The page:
Mythos 33 – Ruins of Gunung Padang

 

Hanumān who found Sita in Rāvaṇa’s Kingdom of Lanka, was not a Human or Rakshasa but a Vanara. Although the word Vanara has come to mean monkey over the centuries and the Vānaras are depicted as monkeys in popular art, their exact origin is not clear.(1)Kirsti Evans (1997) Epic Narratives in the Hoysaḷa Temples: The Rāmāyaṇa, Mahabharata, and Bhāgavata Purāṇa in Haḷebīd, Belūr, and Amṛtapura Unlike other supernatural creatures such as the Rakshasas, the Vānaras do not have a precursor in the Vedic literature.(2)Vanamali (2010) Hanumān: The Devotion and Power of the Monkey God, Page 13 The Rāmāyaṇa presents them as human-like regarding their speech, clothing, habitations, funerals, and other customs. It also describes their monkey-like characteristics such as their leaping, fur, and tail.(3)Catherine Ludvik (1994) Hanumān in the Rāmāyaṇa of Vālmīki and the Rāmacaritamānasa of Tulasī Dāsa, Pages 2–3

The 9,300 Year Old Ruins of Bhirrana

The 9,300 Year Old Ruins of Bhirrana

In the Rāmāyaṇa Vānaras were created by the Celestials (Adityas) to help Rama in battle against Rāvaṇa. The Celestials impregnated monkeys and bears, that then gave birth to monkey-like Vānaras.(4)Valmiki (circa 500 B.C.) Rāmāyaṇa 1.17.8-18 After Vānaras were created they began to organize into armies and spread through the forests. According to the Rāmāyaṇa, the Vānaras lived primarily in the region of Kishkindha, identified with southern India. Rama first encountered them in Dandaka Forest, during his search for Sita. The Dandaka Forest is a semi-mythical former forest that once sat between the Godavari and Narmada Rivers of central India. The Dandaka Forest was also one of the colonial states of the Kingdom of Lanka, governed by a Rakshasa named Khara.

In the Rāmāyaṇa Hanumān ultimately finds Sita, but is caught and tortured by Lankan forces before escaping and setting the Island City (Lankapuri) on fire. Hanumān returned to Kolosa to inform Rama of Sita’s location, who then led an army of Human, Vanara, and Rakshasa warriors to liberate Sita. Rama killed Rāvaṇa and placed Rāvaṇa’s brother Vibhishana on the throne of Lanka. Vibhishana had apparently rejected Rāvaṇa’s rule, and fled to join Rama’s growing army.

The 12,500 Year Old Ruins of Gunung Padang

The 12,500 Year Old Ruins of Gunung Padang

While the concept of a war between an Indian and an Indonesian civilization 8,800 years ago might seem farfetched, there is archeologic evidence of civilizations at both locations at the time. The 9,000 year old ruins of Mehrgarh, Balochistan (Pakistan),(5)A. Coppa, et al. (2006) “Early Neolithic tradition of dentistry: Flint tips were surprisingly effective for drilling tooth enamel in a prehistoric population” Nature, Volume 440 and 9,300 years ago in Bhirrana, Haryana (India),(6)Nivedita Khandekar (Nov 04, 2012) “Indus Valley 2,000 years older than thought” Hindustan Times both date back to before the era of the Rāmāyaṇa. In Indonesia a much more impressive megalithic pyramid called Gunung Padang is located on the island of Java, which carbon-dating in 2012 indicated of being up to 12,500 years old.(7)Zulhidayat Siregar (June 28, 2012) “Tim Terpadu Riset Mandiri: Gunung Padang Truly Extraordinary” Kantor Berita Politik RMOL The scientists working at the site have stated the pyramid could be much older, possibly 20,000 years old, however have met with considerable criticism for suggesting people could build anything significant that long ago.(8)Michael Bachelard (July 27, 2013) “Digging for the truth at controversial megalithic site” Sidney Morning Herald The pyramid itself is a terraced hill the researchers believe is artificial, built in phases in at least four different periods of time.(9)Yunanto Wiji Utomo (June 6, 2014) “Mari Terbang ke Atas Situs Megalitikum Gunung Padang” Kompas The terraces are bordered by retaining walls of stone that are accessed by about 400 successive andesite steps rising about 95 meters.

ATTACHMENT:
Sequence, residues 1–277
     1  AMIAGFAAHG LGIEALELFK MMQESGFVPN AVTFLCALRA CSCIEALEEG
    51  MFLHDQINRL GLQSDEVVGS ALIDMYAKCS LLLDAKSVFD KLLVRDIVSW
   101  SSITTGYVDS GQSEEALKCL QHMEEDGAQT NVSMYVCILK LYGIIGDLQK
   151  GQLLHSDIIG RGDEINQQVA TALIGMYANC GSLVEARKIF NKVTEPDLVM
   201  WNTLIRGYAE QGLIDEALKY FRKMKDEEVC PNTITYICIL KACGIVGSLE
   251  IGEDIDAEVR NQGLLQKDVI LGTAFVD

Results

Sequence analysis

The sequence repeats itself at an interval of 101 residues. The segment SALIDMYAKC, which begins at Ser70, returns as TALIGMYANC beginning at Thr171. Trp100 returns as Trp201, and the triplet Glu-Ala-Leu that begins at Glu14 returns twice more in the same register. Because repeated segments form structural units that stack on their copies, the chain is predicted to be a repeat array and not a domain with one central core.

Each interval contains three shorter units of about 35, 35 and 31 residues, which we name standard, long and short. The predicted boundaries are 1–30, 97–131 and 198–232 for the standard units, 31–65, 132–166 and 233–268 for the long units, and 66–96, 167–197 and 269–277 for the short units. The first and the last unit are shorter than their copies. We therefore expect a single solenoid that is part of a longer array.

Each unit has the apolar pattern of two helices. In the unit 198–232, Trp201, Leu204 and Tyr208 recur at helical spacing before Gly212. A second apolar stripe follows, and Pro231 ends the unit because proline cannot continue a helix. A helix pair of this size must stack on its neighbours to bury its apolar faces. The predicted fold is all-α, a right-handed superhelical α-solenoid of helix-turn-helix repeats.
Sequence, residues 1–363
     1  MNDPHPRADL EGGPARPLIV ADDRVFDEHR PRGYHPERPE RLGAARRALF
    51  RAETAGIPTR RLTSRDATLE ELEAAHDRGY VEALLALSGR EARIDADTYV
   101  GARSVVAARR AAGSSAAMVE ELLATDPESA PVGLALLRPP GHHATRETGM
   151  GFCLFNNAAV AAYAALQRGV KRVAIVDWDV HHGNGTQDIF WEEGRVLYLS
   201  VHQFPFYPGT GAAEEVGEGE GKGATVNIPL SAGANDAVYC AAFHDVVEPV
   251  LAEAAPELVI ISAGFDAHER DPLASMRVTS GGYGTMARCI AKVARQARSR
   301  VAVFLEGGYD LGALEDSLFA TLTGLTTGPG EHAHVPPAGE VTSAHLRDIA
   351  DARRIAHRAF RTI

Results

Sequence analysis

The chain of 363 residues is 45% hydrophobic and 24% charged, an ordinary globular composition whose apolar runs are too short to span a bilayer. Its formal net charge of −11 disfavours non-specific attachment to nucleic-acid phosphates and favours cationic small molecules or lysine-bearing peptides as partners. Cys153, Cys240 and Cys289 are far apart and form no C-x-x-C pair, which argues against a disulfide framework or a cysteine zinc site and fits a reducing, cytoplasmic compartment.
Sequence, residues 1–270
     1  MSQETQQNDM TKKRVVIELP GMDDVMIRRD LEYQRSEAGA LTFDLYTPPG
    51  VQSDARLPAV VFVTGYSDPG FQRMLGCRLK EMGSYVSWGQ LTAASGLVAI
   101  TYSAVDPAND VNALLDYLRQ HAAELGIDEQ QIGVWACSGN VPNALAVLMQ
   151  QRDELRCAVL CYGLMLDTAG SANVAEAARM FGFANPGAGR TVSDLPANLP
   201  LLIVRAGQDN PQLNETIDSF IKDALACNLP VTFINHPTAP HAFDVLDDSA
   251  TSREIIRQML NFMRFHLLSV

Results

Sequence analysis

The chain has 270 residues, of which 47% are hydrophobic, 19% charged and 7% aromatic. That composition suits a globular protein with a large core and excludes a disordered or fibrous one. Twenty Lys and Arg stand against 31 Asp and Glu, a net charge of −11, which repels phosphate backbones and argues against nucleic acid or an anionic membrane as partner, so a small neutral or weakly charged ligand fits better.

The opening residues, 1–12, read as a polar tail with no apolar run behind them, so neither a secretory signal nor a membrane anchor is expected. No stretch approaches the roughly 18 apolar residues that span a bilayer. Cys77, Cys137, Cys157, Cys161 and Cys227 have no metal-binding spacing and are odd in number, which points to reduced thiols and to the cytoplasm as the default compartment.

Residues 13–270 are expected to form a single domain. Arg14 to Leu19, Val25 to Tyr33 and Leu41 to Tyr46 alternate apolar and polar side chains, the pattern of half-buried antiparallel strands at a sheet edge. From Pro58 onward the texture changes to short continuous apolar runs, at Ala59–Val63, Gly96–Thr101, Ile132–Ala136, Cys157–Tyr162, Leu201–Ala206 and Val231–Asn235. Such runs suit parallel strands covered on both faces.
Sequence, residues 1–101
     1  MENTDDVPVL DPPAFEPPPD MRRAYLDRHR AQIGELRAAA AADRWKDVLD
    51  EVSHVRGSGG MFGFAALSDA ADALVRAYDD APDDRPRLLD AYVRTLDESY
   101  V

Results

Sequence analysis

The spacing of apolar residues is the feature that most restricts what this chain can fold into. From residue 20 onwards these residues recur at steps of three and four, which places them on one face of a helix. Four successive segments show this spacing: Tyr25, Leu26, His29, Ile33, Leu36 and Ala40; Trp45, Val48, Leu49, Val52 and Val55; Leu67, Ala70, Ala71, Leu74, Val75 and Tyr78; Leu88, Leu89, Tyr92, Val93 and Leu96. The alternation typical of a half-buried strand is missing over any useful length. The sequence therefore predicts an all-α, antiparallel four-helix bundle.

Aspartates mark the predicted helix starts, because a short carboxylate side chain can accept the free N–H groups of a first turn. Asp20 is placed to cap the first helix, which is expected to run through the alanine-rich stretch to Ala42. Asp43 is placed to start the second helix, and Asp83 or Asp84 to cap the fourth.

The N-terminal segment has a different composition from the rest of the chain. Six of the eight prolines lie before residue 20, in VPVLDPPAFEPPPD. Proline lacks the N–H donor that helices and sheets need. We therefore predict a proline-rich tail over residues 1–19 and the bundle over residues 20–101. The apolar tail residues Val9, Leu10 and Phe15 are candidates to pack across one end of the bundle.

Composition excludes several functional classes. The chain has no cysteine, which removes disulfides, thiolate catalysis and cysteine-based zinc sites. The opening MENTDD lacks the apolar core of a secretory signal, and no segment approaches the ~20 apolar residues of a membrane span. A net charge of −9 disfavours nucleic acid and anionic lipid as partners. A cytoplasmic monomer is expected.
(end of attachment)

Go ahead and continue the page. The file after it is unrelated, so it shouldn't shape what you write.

References   [ + ]

1. Kirsti Evans (1997) Epic Narratives in the Hoysaḷa Temples: The Rāmāyaṇa, Mahabharata, and Bhāgavata Purāṇa in Haḷebīd, Belūr, and Amṛtapura
2. Vanamali (2010) Hanumān: The Devotion and Power of the Monkey God, Page 13
3. Catherine Ludvik (1994) Hanumān in the Rāmāyaṇa of Vālmīki and the Rāmacaritamānasa of Tulasī Dāsa, Pages 2–3
4. Valmiki (circa 500 B.C.) Rāmāyaṇa 1.17.8-18
5. A. Coppa, et al. (2006) “Early Neolithic tradition of dentistry: Flint tips were surprisingly effective for drilling tooth enamel in a prehistoric population” Nature, Volume 440
6. Nivedita Khandekar (Nov 04, 2012) “Indus Valley 2,000 years older than thought” Hindustan Times
7. Zulhidayat Siregar (June 28, 2012) “Tim Terpadu Riset Mandiri: Gunung Padang Truly Extraordinary” Kantor Berita Politik RMOL
8. Michael Bachelard (July 27, 2013) “Digging for the truth at controversial megalithic site” Sidney Morning Herald
9. Yunanto Wiji Utomo (June 6, 2014) “Mari Terbang ke Atas Situs Megalitikum Gunung Padang” Kompas